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06-29-2009, 06:34 PM   #1
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Using high shutter speeds

Hello,

I have a quick question about high shutter speeds. Whenever I put on a very high shutters speeds 1/1000+, then the shot is very dark, even when I try to keep the aperture as high as I can. This is is broad daylight, so I don't know what to do to make it a useable pic.

06-29-2009, 07:05 PM   #2
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I'm not really an expert here, but I guess the obvious question is, What are you trying to photograph at such high shutter speeds?

The basic problem that you're experiencing is that there's not enough light getting to your CCD/film to expose the picture properly.

The amount of light getting to the CCD/film is a combination of your shutter speed (how long the shutter is left open) and the aperature set on your lense (how big the hole in the lense is).

For a constant aperature (hole size), If the shutter speed is too short or too long, you'll get an under-exposed (dark) or over-exposed (white) picture.

Likewise, for a constant shutter speed, if the aperature hole is too small or too large, you'll get the same result.

Getting the right shutterspeed and aperature setting is where your skill and experience comes into play. Else use the auto setting on your camera to do it all for you

HTH,
Tim
06-29-2009, 11:09 PM   #3
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What mode are you shooting in and give us an example; what aperture and what shutter speed.
06-30-2009, 12:00 AM   #4
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what are you trying to shoot at broad daylight?

in anycase, please check your exposure compensation level and ISO as well. are you shooting in a dark shade? the worst case scenario is that you have a defective or broken CCD.

06-30-2009, 04:39 AM   #5
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QuoteOriginally posted by swhang Quote
Hello,

I have a quick question about high shutter speeds. Whenever I put on a very high shutters speeds 1/1000+, then the shot is very dark, even when I try to keep the aperture as high as I can. This is is broad daylight, so I don't know what to do to make it a useable pic.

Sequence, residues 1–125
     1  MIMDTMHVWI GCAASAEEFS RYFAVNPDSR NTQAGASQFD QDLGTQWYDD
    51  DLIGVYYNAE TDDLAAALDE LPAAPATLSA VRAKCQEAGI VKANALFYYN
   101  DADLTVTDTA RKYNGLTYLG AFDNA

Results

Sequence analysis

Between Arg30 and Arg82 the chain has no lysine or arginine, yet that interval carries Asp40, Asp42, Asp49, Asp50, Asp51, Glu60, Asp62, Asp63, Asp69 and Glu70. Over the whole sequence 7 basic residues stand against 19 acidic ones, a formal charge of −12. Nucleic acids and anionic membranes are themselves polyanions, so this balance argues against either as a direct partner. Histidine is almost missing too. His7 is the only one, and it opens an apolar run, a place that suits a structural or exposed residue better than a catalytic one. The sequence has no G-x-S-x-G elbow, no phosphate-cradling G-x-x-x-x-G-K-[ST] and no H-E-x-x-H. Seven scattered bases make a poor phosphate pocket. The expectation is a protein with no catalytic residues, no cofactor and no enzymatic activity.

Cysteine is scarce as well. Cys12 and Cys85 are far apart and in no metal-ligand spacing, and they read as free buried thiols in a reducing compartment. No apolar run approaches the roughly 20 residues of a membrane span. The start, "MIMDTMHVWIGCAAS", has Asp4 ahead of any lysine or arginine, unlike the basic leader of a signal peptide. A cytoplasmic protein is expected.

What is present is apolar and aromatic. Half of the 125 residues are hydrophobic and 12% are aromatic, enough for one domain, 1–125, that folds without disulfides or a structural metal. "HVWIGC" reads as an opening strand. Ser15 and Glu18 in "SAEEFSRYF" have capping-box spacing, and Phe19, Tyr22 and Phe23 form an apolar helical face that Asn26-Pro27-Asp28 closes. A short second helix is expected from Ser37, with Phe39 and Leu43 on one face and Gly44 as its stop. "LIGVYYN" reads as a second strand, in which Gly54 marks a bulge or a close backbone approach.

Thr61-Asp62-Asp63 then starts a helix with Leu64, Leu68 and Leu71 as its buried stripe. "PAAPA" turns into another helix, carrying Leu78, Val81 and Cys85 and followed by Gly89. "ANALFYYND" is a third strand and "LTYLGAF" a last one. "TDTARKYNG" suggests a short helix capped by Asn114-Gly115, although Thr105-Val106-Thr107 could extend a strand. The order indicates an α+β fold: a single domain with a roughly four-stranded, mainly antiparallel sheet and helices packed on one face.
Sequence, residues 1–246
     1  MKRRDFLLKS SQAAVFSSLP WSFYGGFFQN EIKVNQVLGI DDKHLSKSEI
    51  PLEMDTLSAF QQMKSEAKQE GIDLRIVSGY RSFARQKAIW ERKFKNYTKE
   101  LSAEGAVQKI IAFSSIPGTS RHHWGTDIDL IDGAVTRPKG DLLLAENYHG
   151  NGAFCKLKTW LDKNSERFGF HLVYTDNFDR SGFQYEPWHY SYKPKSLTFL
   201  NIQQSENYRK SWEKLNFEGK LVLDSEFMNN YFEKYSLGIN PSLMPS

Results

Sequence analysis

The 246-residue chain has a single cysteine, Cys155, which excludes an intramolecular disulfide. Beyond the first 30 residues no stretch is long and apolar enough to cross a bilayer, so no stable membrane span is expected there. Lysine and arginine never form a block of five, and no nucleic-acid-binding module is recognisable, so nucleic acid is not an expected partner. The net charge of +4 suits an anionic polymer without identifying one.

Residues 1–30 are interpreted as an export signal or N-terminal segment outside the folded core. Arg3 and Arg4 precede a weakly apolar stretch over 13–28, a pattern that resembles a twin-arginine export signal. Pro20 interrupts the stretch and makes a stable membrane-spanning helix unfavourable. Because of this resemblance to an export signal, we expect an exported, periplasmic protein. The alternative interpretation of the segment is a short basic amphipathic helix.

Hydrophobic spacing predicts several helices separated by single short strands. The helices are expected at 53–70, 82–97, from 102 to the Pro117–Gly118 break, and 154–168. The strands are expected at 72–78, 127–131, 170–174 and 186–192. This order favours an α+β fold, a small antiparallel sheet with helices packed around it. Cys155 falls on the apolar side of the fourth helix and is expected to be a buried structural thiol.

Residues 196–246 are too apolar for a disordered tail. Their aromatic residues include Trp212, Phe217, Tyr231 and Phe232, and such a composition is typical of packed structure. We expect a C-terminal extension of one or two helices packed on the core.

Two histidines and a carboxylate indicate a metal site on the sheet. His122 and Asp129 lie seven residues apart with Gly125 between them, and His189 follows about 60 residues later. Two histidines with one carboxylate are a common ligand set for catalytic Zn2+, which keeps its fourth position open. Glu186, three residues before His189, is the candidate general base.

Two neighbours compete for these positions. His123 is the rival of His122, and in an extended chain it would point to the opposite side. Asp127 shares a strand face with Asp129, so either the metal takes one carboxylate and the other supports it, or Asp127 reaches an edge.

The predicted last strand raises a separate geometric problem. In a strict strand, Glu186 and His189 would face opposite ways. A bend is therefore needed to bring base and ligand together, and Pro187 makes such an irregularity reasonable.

It sounds like you are shooting in manual mode. This is, naturally, the easiest mode for the photographer to be the element assing up the shot. (No offense....we've all done it).

You have to have a shutter/aperture combination that allows a sufficient amount of light to reach the sensor (or film). If your shots are dark, then either your shutter speed is too high or your aperture is too small. Remember that for aperture a small number means a big opening (lots of light comes through) and a big number means a small opening (less light coming through).

If you have both a fast shutter speed and a big aperture number then it isn't surprising that your photos may be dark. It all depends on how much light there is to begin with.

Try shooting in Tv mode and let the camera choose your aperture for you automatically. If the aperture indicated in the camera display is going blinky-blinky-blinky that means there isn't enough light to shoot with that shutter speed and that particular lens (the lens is opening up as wide as it can, and it still isn't open wide enough is what the blinking means). In that case, try increasing your ISO until the blinking goes away.

It might help if you familiarize yourself with the Sunny 16 rule

For example:

With an ISO of 100 in bright sunlight and your aperture set to f16, your shutter speed would be (roughly) 1/100

That will yield a properly exposed photograph. We can change both the shutter speed and the aperture if we wish. Just remember that as one goes up the other must go down....it helps if you think of it like a see-saw.

1/100 @ f16
1/200 @ f11
1/400 @ f8
1/800 @ f5.6
1/1600 @ f4

Of course, those exact shutter speeds may not be available on your camera. Don't sweat it. As in horseshoes and hand grenades, close enough is close enough.

So for your chosen speed of 1/1000 you would want to have your aperture somewhere around f5.6. If you're using a higher number (smaller opening) then your photos will be underexposed. If you're using a lower number (larger opening) then your photos will be overexposed.